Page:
Let’s see how the New Testament compares to other historical documents that the academic community generally accepts as reliable.

Two major points of historical data which give us an apologetic grounding:

1. Number of Manuscripts – ancient hand-written documents

  • Why Does it Matter? They are the only way we get direct reports on historical events, with multiple manuscripts you can compare and contrast and solve disparities.
  • How Does the NT measure up?
    • Ceasar’s, Gallic War: 10 manuscripts
    • Plato, Works: 7 manuscripts
    • Tacitus, Annals of History: 20 manuscripts
    • Homer, Iliad: 643 manuscripts
    • The New Testament: 5,000+ Greek; 10,000+ Latin; 10,000+ other languages

“The evidence for our New Testament writings is ever so much greater than the evidence for many writings of classical authors, the authenticity of which no-one dreams of questioning. And if the New Testament were a collection of secular writings, their authenticity would generally be regarded as beyond all doubt.”

-F.F. Bruce

2. Date of the Manuscripts

  • Why does it Matter? The closer to original date the better – less opportunity for data loss.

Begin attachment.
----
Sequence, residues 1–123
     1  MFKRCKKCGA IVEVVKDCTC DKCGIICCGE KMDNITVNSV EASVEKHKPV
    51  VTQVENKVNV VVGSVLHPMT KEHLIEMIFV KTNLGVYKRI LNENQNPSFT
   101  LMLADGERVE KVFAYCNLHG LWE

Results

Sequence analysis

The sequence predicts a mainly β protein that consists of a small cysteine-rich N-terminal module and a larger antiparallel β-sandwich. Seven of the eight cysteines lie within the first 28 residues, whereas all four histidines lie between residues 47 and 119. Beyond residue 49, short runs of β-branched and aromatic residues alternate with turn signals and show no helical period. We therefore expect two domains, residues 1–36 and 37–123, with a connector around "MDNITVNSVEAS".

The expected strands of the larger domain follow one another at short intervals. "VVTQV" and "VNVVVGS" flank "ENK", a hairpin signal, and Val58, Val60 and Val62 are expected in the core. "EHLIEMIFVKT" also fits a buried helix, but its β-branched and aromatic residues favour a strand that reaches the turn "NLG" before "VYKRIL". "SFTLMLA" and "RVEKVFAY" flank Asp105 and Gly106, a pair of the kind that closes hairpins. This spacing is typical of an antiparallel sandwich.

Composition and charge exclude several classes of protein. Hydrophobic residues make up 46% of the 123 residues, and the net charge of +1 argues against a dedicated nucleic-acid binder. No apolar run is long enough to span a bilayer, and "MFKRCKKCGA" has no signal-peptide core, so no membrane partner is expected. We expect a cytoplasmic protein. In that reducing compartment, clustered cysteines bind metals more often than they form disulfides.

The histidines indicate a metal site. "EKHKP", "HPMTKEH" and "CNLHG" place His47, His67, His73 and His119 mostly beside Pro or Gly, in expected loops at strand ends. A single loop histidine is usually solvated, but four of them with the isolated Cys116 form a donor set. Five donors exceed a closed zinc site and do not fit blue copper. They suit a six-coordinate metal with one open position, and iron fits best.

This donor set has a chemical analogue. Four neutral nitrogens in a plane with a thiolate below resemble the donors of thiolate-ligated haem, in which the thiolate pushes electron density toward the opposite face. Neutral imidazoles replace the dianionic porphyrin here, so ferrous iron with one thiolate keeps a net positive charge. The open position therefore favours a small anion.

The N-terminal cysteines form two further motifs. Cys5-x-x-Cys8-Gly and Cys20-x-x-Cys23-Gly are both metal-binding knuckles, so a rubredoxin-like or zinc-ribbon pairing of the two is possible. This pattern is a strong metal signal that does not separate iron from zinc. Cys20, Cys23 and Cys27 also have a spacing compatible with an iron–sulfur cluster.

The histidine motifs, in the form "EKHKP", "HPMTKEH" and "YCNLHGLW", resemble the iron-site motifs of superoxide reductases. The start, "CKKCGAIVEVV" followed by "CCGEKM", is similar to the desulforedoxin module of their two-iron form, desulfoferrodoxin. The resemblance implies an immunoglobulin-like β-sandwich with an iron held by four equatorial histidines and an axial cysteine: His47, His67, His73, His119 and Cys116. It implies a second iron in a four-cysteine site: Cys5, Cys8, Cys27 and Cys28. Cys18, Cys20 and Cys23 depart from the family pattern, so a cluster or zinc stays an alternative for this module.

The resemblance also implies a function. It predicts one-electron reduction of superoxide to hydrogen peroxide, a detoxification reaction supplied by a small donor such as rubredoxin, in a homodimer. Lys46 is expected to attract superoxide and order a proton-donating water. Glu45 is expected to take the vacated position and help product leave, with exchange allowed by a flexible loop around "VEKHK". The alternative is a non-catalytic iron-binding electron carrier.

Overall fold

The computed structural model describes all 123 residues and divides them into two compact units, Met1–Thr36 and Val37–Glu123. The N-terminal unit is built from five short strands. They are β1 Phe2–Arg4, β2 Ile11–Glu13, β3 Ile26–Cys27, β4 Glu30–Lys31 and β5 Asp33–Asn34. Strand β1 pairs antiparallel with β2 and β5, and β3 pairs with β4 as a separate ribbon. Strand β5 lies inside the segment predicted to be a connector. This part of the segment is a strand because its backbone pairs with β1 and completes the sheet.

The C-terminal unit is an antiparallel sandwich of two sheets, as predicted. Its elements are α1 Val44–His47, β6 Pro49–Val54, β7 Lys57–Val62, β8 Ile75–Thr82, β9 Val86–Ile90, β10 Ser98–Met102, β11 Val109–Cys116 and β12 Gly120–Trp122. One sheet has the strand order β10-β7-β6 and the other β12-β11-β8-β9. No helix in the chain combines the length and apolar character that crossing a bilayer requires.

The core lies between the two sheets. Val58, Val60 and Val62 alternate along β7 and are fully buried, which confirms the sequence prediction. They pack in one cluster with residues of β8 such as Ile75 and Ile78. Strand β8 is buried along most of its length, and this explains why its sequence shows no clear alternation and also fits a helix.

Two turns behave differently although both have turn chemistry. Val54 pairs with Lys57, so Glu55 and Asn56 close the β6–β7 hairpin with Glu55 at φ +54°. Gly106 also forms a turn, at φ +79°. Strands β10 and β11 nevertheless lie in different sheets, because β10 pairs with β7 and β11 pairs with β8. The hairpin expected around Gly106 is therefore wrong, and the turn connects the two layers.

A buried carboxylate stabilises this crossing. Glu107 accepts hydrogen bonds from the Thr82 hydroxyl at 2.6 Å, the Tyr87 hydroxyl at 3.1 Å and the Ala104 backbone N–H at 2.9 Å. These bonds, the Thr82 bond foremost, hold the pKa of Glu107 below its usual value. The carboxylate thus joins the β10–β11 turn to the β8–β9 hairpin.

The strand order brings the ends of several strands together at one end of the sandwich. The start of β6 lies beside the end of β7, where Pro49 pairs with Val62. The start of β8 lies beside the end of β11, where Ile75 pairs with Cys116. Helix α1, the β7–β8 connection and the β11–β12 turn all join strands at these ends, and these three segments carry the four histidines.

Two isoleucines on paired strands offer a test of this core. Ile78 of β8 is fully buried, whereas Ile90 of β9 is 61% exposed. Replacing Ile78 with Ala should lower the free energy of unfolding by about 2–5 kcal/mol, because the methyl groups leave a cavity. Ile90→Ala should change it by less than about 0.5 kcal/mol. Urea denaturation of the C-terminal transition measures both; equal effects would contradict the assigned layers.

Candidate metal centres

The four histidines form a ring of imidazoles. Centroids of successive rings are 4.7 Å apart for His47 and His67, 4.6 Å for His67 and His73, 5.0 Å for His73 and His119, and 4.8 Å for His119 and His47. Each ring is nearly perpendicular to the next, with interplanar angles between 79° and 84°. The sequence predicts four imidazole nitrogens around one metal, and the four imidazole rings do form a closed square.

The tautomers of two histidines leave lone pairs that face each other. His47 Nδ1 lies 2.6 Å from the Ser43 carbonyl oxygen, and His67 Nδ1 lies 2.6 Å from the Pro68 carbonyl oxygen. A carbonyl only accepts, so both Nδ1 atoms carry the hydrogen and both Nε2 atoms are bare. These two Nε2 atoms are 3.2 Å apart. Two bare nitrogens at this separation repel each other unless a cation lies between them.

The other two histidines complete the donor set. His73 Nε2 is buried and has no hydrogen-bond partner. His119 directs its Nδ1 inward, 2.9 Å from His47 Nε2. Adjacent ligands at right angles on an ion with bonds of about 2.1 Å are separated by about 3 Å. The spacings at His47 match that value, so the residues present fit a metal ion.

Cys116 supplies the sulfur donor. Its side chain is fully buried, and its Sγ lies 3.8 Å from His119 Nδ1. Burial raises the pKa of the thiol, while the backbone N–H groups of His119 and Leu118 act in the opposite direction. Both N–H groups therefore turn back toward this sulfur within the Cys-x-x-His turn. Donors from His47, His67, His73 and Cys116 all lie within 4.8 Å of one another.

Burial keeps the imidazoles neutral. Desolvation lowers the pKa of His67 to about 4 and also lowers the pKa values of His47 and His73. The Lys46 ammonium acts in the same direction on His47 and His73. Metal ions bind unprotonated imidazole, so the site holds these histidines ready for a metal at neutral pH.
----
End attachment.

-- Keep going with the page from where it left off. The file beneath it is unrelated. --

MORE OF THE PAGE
• How Does the NT measure up?
    • Ceasar’s, Gallic War
      • Written: 100 BC; Earliest Copy: AD 900; Gap: 1,000 years
    • Plato, Works
      • Written: 400 BC; Earliest Copy: AD 900; Gap: 1,300 years
    • Tacitus, Annals of History
      • Written: 100 BC; Earliest Copy: AD 1,100; Gap: 1,000 years
    • Homer, Iliad
      • Written: 900 BC; Earliest Copy: 400 BC; Gap: 500 years
    • The New Testament
      • Written: AD 45-96; Earliest Copy: c. AD 125 (“P52” fragment of John’s Gospel [AD 85]), most are 2nd, 3rd, or 4th century; Gap: A little as 35 years, the rest less than 500 years

“The Interval then between the dates of the original composition and the earliest extant evidence becomes so small as to be in fact negligible, and the last foundation for any doubts that the New Testament has come down to us substantially as it has been written has now been removed. Both the authenticity and the general integrity of the New Testament may be regarded as finally established.”

-Sir Frederick Kenyon


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